Lockdowns and other restrictions imposed by governments as a result of the COVID-19 pandemic have caused catastrophic losses to businesses. Foreign investors around the world, whose investments are protected under international investment treaties, are entitled to have disputes with the host state arbitrated by an international arbitration tribunal. As a result, arbitration requests have been filed against host states by foreign investors, who claim that the actions taken by host states’ governments contravene the protections provided by international law, causing huge financial losses.
The main defence that states will have to these claims will be ‘necessity’ under Article 25 of the Responsibility of States for Internationally Wrongful Acts report. The report’s draft articles, which are a codification of customary international law, were prepared by the UN’s International Law Commission (ILC). The ‘force majeure’ under Article 23 is likely not relevant since it excuses failure by a state to perform its legal obligations, but does not apply to active measures taken by a state which contravene their obligations under international law.
Article 25.1 (a) requires a state to show that its actions in response to the pandemic ‘is the only way for the State to safeguard an essential interest against a grave and imminent peril’. Investors will attempt to demonstrate that other states did not implement such drastic measures (such as lockdowns) as their host state, and that there were no significant differences in outcomes for the populations. They will additionally claim that milder measures did not have such catastrophic effects on companies in these countries. Thus, they will assert that the state could have taken less drastic measures, and thus the necessity defence is not applicable.
States may also claim that the measures taken fall within the police powers of the state, and are therefore a valid defence.
Arbitration awards issued by arbitration panels under the International Centre for Settlement of Investment Disputes (ICSID) have also dealt with the necessity defence, particularly related to the claim of necessity by Argentina when it acted in its financial crisis. The cases split over the issue of whether there was sufficient necessity to warrant the actions taken by Argentina.
The important element to consider is that the tribunals will be looking at the necessity issue in the light of hindsight. Were the government’s actions ‘the only way for the state to safeguard’? The hearings will take place a few years after the events, at which time the science issues will be more settled, and the tribunal will be able to distinguish between actions based on science as it is currently, with a clear divergence between scientific experts. Later clarifications of the scientific realities of the pandemic may change the perspective as to what should have been done by states versus what was done.
Tribunals will also be able to analyse the statistics on the number of deaths caused by government measures (e.g. deaths caused because people with other illnesses could not obtain hospital treatment; mental health issues, including the increase in suicides and drug overdoses; and the increase in the number of deaths due to poverty, both in the West and the resultant deaths in developing countries) to see whether the actions taken caused more harm than good.
Tribunals may pay deference to the ‘margin of appreciation’, a concept developed by the European Court of Human Rights (ECHR), which suggests that a government may understand the societal problems within the state in a manner that a court cannot, and therefore, in some cases, the court should defer to the views of the government. However, the margin of appreciation concept has not yet been applied in necessity cases.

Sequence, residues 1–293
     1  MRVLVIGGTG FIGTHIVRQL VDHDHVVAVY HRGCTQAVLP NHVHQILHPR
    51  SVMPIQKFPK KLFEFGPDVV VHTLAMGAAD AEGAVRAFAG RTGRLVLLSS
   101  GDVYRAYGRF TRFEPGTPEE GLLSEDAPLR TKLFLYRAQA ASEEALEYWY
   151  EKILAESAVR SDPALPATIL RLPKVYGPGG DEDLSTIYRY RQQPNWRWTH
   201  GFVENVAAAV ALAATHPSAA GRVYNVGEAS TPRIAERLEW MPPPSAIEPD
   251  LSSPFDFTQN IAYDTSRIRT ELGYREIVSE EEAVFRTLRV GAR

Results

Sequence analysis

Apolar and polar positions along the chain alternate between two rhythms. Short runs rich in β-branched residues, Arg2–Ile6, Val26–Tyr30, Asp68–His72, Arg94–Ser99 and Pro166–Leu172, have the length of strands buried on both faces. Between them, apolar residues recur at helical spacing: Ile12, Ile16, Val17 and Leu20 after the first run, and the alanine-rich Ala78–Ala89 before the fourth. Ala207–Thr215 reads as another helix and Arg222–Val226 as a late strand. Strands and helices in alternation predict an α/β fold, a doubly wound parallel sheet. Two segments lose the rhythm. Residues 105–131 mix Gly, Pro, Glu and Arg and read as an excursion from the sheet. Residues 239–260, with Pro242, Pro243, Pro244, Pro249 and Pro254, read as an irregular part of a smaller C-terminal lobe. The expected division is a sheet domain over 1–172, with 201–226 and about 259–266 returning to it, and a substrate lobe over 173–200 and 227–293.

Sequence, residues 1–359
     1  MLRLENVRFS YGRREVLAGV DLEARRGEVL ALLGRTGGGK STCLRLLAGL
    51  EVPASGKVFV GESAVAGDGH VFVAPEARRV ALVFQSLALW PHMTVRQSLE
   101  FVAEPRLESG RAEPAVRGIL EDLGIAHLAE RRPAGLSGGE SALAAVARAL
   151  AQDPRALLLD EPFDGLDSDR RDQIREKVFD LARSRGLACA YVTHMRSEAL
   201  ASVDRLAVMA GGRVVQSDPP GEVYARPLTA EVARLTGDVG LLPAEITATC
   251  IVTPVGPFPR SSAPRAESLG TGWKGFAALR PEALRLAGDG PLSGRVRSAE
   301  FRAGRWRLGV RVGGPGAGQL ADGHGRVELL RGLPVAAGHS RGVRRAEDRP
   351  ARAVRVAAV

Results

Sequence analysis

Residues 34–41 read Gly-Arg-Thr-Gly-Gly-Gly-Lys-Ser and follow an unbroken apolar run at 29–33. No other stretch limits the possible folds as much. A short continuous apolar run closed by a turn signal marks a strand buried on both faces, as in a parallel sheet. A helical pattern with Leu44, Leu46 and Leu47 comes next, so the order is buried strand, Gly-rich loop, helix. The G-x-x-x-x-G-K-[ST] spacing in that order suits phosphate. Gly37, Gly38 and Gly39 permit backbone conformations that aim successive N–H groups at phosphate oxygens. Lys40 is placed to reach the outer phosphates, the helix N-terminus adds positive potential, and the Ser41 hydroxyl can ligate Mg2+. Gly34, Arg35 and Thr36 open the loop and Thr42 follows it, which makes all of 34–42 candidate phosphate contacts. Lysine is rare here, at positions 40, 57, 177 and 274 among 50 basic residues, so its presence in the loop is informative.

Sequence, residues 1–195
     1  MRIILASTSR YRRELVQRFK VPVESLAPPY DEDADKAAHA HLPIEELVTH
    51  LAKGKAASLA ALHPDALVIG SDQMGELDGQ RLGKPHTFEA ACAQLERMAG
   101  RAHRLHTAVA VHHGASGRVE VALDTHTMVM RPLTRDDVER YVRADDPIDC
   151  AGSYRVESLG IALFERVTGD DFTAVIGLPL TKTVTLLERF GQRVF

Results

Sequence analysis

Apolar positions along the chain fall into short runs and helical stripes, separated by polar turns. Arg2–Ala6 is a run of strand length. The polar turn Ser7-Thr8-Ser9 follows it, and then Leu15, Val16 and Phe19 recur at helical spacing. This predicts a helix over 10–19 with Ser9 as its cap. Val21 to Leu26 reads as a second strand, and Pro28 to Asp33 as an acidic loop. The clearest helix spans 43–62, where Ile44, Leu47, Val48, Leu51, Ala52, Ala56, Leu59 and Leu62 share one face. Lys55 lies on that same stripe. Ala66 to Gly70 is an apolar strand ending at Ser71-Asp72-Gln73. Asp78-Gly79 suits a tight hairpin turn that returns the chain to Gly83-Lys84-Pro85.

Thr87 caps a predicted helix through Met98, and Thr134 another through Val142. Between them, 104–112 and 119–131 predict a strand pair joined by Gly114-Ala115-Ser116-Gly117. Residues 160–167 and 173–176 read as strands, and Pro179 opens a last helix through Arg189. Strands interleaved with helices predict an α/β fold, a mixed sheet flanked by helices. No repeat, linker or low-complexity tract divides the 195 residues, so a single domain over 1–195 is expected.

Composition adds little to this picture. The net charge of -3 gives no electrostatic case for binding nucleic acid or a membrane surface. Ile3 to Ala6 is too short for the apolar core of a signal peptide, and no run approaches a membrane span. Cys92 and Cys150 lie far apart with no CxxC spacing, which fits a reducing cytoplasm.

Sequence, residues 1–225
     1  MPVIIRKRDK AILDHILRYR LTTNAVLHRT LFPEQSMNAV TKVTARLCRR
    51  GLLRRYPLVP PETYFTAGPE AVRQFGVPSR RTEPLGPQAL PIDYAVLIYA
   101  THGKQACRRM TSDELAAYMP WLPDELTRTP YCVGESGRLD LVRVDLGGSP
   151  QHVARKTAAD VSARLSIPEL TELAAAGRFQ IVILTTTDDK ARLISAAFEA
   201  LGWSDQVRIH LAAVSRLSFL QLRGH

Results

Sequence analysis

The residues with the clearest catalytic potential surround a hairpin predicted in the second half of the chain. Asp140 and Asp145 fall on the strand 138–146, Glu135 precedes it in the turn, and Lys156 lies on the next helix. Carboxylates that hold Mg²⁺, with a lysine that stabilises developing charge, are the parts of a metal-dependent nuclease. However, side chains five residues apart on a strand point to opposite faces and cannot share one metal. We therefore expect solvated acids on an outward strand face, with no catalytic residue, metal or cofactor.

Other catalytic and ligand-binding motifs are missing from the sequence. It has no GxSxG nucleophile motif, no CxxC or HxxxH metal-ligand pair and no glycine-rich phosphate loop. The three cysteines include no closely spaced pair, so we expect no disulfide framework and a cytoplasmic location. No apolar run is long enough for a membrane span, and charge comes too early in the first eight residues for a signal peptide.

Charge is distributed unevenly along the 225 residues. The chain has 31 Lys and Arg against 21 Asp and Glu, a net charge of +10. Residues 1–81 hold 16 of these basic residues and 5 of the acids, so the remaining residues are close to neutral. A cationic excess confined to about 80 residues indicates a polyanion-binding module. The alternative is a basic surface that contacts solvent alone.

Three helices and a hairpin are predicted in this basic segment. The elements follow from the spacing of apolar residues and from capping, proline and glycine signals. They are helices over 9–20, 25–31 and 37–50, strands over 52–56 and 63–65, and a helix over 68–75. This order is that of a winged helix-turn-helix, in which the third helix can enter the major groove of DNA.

National security may be another defence available to the state, as many international investment agreements provide the right of the state to act in the protection of national security. These provisions usually allow the state to determine when an issue is a matter of national security, and thus may foreclose an investor’s attempt to claim that the national security provision was not applicable during the COVID-19 crisis.
However, the purpose of this article is not to discuss the intricate issues related to the necessity defence, but rather to make diplomats and MFAs aware of the issues, as they will likely be required to deal with them as part of their work. Those posted abroad may be contacted by their nationals, who have suffered losses as a result of the actions of the host state, for help and advice. Similarly, they may be contacted by foreign investors to discuss the potential claim against the state of the diplomat.
It is important for diplomats to be aware that they have the power to bind their home state in international law through their statements and assertions. Thus, caution is required when answering questions from investors.
For a recent discussion of these issues from before the COVID-19 pandemic, see Gülçür (2019).
Gülçür, Abdulkadir (2019) The Necessity, Public Interest, and Proportionality in International Investment Law: A Comparative Analysis, University of Baltimore Journal of International Law 6 (2), Article 2. Available at: https://scholarworks.law.ubalt.edu/ubjil/vol6/iss2/3/ [accessed 1 June 2020].
Alan Franklin obtained an LLB and JD from the University of Toronto, and an LLM in international law from the London School of Economics. He is currently teaching courses on international legal business risk to MBA students at Athabasca University, international and constitutional law at Royal Roads University, courses on international law for the University of London international LLM programme, and the Diplomatic Law: Privileges and Immunities online course at DiploFoundation.